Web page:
Savo's Site


Last Updated: December 29, 2022
Status: Completed
Period: February 2019 - March 2019
Client: MIE346, Analog and Digital Electronics


In this class project I was tasked with a classmate to produce an Arduino-based oscilloscope for a PC for signals up 20kHz with an amplitude up to ±15V. The design was developed and prototyped incrementally to introduce new features and fulfil the obectives and constraints.


  • Must convert an either ±15V (1X) or ±1.5V (10X) input signal to a 0 to 5V output (to be read by the Arduino)
    • 1X and 10X input mode to be manually selected
  • Accept input via standard BNC connector
  • Must have a manually adjustable trigger level
  • Must have AC or DC coupling selection


  • Use only four opamps in the design (so only one quad op-amp IC is needed)


The importance of understanding of the prototyping process. By understanding how we were going to prototype and ultimately build our final design, we were able to tailor our designs to be easier to debug and assemble. For example, since we were using machined copper circuit boards (as opposed to printed ones) there were no plated through holes nor vias for signals. These had to be soldered by hand where needed. To avoid these operations I designed our boards to keep most connections on the “bottom” of the board where we would solder to, when a connection needed to be on the “top”, the trace would be terminated typically at the pin of some component rather than a via.

Bottom trace layout on a prototype board
The trace layout of one prototype board, all on one layer

Detailed Report

This was a semester long project I worked on with another student. We were presented a specification outlining the desired performance characteristics of our final design which was a hobbyist oscilloscope based around an Arduino Nano to convert an either ±15V or ±1.5V input signal to a 0 to 5V output to be read by the Arduino, complete with an adjustable trigger level and AC or DC coupling selection. In addition to creating a design that would condition the signal as required, we were tasked with documenting our progress and research in regular reports.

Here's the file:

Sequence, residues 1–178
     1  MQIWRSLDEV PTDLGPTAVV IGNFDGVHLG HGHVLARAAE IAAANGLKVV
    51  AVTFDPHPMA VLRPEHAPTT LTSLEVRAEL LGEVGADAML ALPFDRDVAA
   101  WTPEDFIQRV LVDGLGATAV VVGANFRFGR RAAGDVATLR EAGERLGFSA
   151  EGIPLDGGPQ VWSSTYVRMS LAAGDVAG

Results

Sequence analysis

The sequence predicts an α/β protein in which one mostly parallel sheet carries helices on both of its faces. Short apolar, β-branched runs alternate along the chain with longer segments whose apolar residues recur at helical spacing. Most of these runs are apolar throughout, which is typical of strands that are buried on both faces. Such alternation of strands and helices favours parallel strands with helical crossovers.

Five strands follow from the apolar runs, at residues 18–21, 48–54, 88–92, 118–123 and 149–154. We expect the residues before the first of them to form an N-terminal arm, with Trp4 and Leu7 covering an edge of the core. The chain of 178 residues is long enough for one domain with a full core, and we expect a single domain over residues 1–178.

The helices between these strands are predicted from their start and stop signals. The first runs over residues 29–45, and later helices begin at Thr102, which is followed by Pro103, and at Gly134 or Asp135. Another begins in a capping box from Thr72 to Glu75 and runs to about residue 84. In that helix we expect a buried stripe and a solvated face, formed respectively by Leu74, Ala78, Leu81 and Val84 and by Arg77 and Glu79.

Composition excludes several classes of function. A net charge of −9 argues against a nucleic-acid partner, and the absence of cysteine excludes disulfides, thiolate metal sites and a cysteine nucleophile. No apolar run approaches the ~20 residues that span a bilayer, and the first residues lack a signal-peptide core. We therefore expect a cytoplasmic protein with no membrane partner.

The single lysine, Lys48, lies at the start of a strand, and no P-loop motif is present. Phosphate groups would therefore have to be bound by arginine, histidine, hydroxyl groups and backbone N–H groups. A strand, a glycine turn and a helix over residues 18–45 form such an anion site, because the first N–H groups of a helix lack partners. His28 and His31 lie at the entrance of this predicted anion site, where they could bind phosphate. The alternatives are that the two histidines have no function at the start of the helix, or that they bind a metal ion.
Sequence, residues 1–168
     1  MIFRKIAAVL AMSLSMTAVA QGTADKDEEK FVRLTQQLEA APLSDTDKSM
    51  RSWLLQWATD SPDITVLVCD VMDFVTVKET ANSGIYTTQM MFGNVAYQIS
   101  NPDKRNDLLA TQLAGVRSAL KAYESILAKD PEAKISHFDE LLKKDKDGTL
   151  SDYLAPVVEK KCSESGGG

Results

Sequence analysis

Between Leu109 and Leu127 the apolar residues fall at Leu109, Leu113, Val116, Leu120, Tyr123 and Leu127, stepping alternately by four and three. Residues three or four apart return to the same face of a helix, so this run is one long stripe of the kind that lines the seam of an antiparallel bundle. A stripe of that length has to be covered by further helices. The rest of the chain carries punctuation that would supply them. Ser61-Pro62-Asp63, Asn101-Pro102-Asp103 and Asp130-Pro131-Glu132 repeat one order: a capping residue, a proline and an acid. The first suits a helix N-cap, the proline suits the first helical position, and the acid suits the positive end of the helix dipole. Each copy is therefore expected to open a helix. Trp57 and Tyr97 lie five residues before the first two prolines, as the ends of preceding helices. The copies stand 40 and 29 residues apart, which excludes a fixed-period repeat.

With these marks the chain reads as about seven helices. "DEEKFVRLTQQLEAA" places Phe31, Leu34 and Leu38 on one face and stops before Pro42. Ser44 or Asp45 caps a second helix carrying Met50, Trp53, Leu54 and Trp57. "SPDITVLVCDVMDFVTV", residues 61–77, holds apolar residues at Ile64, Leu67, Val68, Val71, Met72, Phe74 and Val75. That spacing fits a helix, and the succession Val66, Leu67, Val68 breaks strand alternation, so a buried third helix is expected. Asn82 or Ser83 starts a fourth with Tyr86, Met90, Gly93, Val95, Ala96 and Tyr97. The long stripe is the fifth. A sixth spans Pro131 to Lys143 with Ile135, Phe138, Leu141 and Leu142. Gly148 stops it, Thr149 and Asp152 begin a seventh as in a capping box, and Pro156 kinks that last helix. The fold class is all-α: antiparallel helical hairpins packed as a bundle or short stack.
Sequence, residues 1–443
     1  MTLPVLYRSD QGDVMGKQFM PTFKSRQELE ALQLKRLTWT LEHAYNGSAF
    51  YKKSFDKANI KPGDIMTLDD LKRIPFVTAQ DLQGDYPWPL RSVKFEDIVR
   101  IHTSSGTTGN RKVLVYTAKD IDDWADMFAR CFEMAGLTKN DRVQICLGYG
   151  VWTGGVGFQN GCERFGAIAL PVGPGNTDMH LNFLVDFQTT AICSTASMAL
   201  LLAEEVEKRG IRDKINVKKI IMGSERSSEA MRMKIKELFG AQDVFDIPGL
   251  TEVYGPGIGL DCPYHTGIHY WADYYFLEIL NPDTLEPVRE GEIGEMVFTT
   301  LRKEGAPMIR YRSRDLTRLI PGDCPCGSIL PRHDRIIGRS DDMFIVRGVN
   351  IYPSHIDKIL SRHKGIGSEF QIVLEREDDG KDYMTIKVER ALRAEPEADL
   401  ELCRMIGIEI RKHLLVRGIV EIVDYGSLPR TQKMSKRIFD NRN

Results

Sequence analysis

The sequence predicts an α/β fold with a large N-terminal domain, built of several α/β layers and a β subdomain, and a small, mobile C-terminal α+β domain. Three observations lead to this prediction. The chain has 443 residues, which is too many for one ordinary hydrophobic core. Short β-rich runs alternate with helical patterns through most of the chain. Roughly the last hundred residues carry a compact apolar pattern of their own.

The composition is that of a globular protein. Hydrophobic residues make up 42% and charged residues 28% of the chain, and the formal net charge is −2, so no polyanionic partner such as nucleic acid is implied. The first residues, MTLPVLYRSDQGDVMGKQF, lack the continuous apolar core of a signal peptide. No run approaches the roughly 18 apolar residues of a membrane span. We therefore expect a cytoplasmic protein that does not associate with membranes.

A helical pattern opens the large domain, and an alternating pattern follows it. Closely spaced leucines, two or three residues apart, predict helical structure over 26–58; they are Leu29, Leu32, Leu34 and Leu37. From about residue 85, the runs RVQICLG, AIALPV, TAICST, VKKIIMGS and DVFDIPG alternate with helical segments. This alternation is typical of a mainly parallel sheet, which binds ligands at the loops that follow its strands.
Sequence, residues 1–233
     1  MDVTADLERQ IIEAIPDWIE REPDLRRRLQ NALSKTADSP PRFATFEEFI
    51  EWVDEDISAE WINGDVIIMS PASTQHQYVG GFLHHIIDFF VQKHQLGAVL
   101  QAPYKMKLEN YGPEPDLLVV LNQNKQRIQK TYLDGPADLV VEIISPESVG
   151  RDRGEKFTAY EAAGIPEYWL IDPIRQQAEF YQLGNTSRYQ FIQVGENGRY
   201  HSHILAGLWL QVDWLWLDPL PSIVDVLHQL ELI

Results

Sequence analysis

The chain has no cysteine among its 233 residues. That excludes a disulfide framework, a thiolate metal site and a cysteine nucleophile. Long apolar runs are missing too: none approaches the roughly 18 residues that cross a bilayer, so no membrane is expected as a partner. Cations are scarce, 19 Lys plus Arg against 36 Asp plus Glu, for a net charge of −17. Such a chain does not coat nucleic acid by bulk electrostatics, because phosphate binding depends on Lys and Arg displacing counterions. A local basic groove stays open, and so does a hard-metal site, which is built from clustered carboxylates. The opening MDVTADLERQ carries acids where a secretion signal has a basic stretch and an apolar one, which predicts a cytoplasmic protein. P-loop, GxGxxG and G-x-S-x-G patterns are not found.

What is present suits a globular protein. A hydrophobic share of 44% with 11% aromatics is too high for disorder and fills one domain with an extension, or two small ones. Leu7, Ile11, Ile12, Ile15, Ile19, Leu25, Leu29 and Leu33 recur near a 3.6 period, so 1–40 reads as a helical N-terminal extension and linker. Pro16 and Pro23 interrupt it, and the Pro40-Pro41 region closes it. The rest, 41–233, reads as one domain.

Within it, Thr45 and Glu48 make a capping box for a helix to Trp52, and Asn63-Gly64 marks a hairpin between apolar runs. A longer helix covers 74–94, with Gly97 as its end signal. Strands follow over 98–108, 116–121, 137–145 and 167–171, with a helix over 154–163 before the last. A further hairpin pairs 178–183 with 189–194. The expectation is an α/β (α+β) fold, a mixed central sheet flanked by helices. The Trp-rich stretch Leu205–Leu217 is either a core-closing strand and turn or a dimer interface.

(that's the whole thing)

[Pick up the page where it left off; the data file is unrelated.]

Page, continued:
We began by researching existing circuits that achieved a something we needed and then combining these individual circuits and specifying parts to make proposed solutions. This began with schematics of our designs in SPICE software (PSPICE originally, then LTSPICE) and simulating them with different expected inputs and see if the outputs would be what was expected.

An exerpt from the reports
An exerpt from the report

My teammate and I then refined our designs and decided on our proposed design before moving to EAGLE to design a circuit board for a prototype of the proposed design. Knowing that these boards would not have through-plated holes I designed for assembly by keeping all traces on the solder side of the board for the prototype.

Once the boards were manufactured and we collected them along with our selected parts, it was our duty to assemble and test them using a function generator and an oscilloscope to verify our designs. Here are some photographs of the prototype.

Prototype board from the bottom
The prototype board from the top and bottom respectively

Our tests were successful, however I made the mistake of misreading a label when gathering components which led to one of the capacitors being three orders of magnitude too large (1uF instead of 1pF), which resulting in our low-pass filter cut-off frequency being 20Hz in tests instead of 20kHz. This being a human error, did not require us revising our design to correct.

The final stage of the project was to add the Arduino and ±15V power supplies for the op-amps to the board and design a 3D printed housing for the system. We used the suggested component values for the circuits except for the -15V supply where we adapted a -12V design to configure it to output -15V. Below is the section of our final report displaying the system in different configurations.

Views from report
A series of views from the report

This final design was also subjected to testing to verify its performance to the criteria specified at the start of the project. Our testing was partially limited by the equipment we had (namely the range being limited to ±10V on the function generators, preventing proper ±15V tests). Our results were not perfect, however we deemed them appropriate given the expected use of this ‘product’ being hobbyists on low frequency signals.